Perhaps one of the most important purchase decisions to be made ( outside of your actual recording system) is what type of microphones to buy. First, I feel it is imperative to dispel the myth that you need to buy a large variety of expensive microphones to achieve your desired sound. A rich clear sound can be achieved with as little as one microphone. Also, due to advancements in technology over the last decade, it is possible to find good, affordable microphones online.
Choosing Microphones for Home Recording
There are many different types of microphones on the market and most are suited for a certain sound or purpose. There are uni-directional and omni-directional microphones that come with either a large or small diaphragm. A dynamic microphone would not be my first choice to use on a recording. This type of microphone is better suited for live performances, but if I had to use one on a recording, I would use a uni-directional small diaphragm ( uni-directional means that the microphone picks up only the noise that is right in front of it ). Dynamic microphones are not known for their clarity on recordings and using this type of microphone on a recording would require a lot of equalization in the final mix.
Next, there are ribbon microphones. This type of microphone is fine for recording purposes, but only if you are seeking an ” old time ” antiquated sound. These microphones are also generally quite expensive and very fragile. Ribbon microphones have to be stored in a vertical position or the ribbon will slide and the microphone will be ruined. Also, the ribbon will break if it is bumped or dropped, ruining the microphone.
My primary choice of microphones for recording purposes would be the studio condensers. I recommend having on hand at least one large diaphragm studio condenser and one small diaphragm studio condenser microphone. If you can only afford one microphone, definitely go with the large diaphragm. Without delving too far into the technical aspects of these microphones, I will simply say that a large diaphragm microphone is better suited for low and mid frequency responses, while a small diaphragm is better suited for high an mid frequency responses. For instance, if I were to record an acoustic guitar track, I would use both a large and small diaphragm microphone, each positioned around the instrument to pick up the appropriate low and high frequencies.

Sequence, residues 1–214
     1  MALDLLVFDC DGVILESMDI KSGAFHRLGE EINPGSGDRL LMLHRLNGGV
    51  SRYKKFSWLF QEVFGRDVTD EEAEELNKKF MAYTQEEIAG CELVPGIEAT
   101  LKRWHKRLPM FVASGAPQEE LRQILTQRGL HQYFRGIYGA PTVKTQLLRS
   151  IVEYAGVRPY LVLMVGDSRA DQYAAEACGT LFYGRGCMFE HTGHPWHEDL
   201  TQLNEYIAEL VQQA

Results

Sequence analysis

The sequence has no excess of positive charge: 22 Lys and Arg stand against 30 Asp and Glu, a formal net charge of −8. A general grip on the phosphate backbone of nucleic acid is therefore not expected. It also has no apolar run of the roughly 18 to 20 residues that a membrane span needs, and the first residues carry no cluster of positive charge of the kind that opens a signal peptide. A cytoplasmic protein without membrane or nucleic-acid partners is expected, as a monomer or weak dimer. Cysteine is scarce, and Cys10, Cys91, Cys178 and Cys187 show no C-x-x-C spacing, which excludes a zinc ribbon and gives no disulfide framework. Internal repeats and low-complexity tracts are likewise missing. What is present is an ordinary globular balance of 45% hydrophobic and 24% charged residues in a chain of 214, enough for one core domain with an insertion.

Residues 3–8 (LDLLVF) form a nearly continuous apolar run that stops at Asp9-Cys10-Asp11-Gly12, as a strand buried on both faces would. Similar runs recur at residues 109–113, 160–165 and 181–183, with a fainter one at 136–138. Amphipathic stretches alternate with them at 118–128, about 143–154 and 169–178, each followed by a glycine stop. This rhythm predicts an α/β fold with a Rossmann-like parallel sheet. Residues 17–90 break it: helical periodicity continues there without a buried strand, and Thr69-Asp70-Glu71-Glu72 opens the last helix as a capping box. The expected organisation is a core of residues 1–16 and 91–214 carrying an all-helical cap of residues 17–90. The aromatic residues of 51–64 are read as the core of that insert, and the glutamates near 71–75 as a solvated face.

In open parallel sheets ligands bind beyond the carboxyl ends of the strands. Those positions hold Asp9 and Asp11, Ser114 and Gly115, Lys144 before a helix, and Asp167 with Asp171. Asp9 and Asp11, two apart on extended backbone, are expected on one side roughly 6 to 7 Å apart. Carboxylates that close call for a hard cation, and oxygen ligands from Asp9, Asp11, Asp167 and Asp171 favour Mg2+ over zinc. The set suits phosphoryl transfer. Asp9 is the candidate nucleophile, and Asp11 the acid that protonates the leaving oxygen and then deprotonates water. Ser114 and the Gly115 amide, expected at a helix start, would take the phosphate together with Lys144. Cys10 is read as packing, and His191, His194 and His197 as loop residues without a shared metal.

Almost more important than the type of microphone that you use on your recording is it’s placement around the instrument or vocalist. Microphone placement is not an exact science and suffice it to say, will probably take a good amount of trial and error before you’ve found the sound you’re after. First, I recommend having boom stands for your microphones rather than fixed stands. A boom stand is much more versatile for positioning.
Positioning the microphone for a vocalist varies depending on the person. Some people have stronger or weaker voices. It is best, however, as a starting point, to have the vocalist stand about two feet away from the microphone. The formula I use for positioning microphones on an acoustic guitar is this: Place one large diaphragm studio condenser directly in front and slightly above of the sound hole about one and a half feet away. Place the other, small diaphragm microphone parallel, pointing up the neck starting at about the second fret, also a foot and a half away. One important thing to remember about microphone placement is that changing the position even slightly can greatly affect the sound. Equalization is not a big a deal as it is made out to be. Ideally, low frequencies shouldn’t need to be changed at all, but you might find it necessary to add a little mid and high. At any rate, it might take a little patience and experimentation to find the sound you like.
- *Tip: On a shoe string budget and only if there are no other microphones available, few people know that connecting a set of headphones into the line input will reverse their polarity enabling them to act as a microphone.
- *Tip: If you find it necessary to use a dynamic microphone for recording, you can enhance it’s sound by putting a funnel around the mouth piece, with the large open end of the funnel pointing outward toward the instrument or vocalist to help channel the noise into the microphone.
- *Tip: A pop screen in front of the microphone is a good idea. A pop screen will reduce or completely eliminate the strong PPHH sound created by the enunciation of certain words. You can purchase a pop screen at most any music store, but if you should find that one is outside of your budget, a pair of women’s nylons stretched over a wire clothes hanger works just as nicely.